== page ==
“When the bolt is retracted you can look in through the ejection port and see the scratches on the other side of the receiver.”

This could be a potential problem. The chances are this was caused either by a feeding issue or an extraction issue.
If a feeding issue the rifle could have had a round come under the carrier and in the act of attempting to fish the round back into the magazine a screw driver of knife point scratched the inside of the receiver. I would ask the gunsmith if he had any action proofing dummies and I would cycle them through the action both fast and slow to ensure the rifles feeds cartridges from the magazine smoothly.

Next I would take a close look at the extractor and look for wear on the fingers where it holds the cartridge rim. If you have any 30-30 empties I would see how these are extracted from the chamber.
Take a look at the chamber under a good strong light and look for rings or scratches in the chamber which could indicate someone has been digging around trying to remove a broken or stuck case. I have seen shooters digging around with a knife attempting to remove a broken case when it was easily pushed out with a brush.

“The forend and magazine tube are loose. If I grab the magazine tube forward of the forend I can wiggle it side to side. It seems to rotate around the barrel a bit.”

This is a common accurizing modification. Generally the barrel bands are relieved on the inside and the band when the screw is tight does not hold the magazine tube snugly. This allows the barrel to heat and the magazine tube does not bind the barrel.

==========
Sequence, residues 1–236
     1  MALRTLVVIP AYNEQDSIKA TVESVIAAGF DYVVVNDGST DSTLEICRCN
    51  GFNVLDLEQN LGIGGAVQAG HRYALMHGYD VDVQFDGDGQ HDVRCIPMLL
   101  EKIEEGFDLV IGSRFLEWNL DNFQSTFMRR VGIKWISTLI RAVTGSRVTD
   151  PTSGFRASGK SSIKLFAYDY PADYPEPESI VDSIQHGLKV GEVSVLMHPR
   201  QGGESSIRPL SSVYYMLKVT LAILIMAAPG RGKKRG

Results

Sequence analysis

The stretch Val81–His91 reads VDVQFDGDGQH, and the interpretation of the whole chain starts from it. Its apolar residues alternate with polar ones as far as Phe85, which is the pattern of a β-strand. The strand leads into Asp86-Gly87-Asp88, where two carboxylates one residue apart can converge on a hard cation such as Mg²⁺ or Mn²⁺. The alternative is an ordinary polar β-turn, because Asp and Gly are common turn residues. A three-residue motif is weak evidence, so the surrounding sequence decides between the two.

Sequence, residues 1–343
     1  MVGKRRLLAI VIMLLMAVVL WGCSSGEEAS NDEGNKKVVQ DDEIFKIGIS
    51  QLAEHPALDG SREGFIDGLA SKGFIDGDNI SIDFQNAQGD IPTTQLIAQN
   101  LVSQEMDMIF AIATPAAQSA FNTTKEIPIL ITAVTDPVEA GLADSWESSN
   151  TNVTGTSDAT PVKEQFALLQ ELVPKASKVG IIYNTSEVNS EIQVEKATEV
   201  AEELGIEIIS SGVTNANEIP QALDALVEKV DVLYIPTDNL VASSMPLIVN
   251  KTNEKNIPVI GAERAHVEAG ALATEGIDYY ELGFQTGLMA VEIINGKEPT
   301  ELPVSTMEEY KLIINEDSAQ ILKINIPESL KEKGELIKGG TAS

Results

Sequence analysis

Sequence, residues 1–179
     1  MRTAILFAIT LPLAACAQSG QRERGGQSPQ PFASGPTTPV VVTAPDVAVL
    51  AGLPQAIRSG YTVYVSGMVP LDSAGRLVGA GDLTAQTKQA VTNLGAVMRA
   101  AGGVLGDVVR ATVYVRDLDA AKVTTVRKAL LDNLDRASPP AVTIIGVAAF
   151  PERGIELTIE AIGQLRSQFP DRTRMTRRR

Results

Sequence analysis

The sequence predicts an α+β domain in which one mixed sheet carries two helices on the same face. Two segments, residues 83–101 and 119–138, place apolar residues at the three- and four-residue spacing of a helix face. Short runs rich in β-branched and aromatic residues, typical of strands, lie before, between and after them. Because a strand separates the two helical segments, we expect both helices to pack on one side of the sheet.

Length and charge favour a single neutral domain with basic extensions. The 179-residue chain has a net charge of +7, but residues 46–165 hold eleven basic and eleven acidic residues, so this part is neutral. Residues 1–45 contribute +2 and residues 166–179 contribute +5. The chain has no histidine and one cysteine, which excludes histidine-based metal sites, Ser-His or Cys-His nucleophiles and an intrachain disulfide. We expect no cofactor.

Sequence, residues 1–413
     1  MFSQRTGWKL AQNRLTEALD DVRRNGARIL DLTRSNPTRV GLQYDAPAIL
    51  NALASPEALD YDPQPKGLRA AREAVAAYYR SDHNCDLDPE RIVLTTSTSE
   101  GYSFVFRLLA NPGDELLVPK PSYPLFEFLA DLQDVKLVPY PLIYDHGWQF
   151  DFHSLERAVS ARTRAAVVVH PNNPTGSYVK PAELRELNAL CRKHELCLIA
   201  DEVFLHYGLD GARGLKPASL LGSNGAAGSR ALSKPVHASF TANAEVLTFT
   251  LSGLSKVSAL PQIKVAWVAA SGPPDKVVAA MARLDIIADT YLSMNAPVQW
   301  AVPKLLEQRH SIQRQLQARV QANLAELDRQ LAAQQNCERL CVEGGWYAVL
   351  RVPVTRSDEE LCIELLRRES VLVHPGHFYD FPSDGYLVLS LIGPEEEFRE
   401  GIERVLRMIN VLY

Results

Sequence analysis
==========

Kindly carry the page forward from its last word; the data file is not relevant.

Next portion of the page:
The second part of this is to reduce the end of the magazine tube where it enters the receiver. This is generally done by sanding the last ½ inch of the magazine tube to allow the tube to float in the receiver.

“looks like the front band holding the mag tube to the barrel is loose but the screw is very tight.”

As above.

“The forend is loose as well but I can't tell if it's just moving with the mag tube or independently.”

The forend is commonly relieved to allow it to have motion under the band and around the barrel and magazine tube. Again this eliminates the interference and binding between the magazine tube and receiver and forend as the barrel heats. It is commonly discussed in magazine articles on how to accuracies lever action rifles.

The only area you have asked about which gives me pause are the scratches inside the receiver. These scratches to me indicate a possible feeding or extracting issue. This does not mean there has to be either thing specifically wrong, it is just a possibility.
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  #6  
Old 10-20-2009, 05:36 PM
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The scratches inside the receiver have me wondering, too.
Just to be sure you aren't overlooking the really simple obvious things, take a look and make sure the rifle has an ejector.
When you disassemble a Marlin 336 to clean from the breech, it's easy to knock the ejector out of it's recess on the left side of the action. If someone did that and lost the ejector, that might explain the scratches- picking cases out with a knife, or some other tool.
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  #7  
Old 10-20-2009, 09:32 PM
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William, thanks a ton for your info. I will head down tomorrow if I get a chance and take a look at the extractor and see if I can cycle some dummies through. The information you provided was incredibly detailed and gave me some more things to look for. I really appreciate it.

Jack, there is an ejector in the gun. I checked for that when I was looking it over today. Thanks for the thought though!

Another interesting thing is that I believe the serial number starts with an E which if I have done my research correctly means the gun was manufactured in 1948. That makes it more interesting to me at least!

Again thanks for all your help.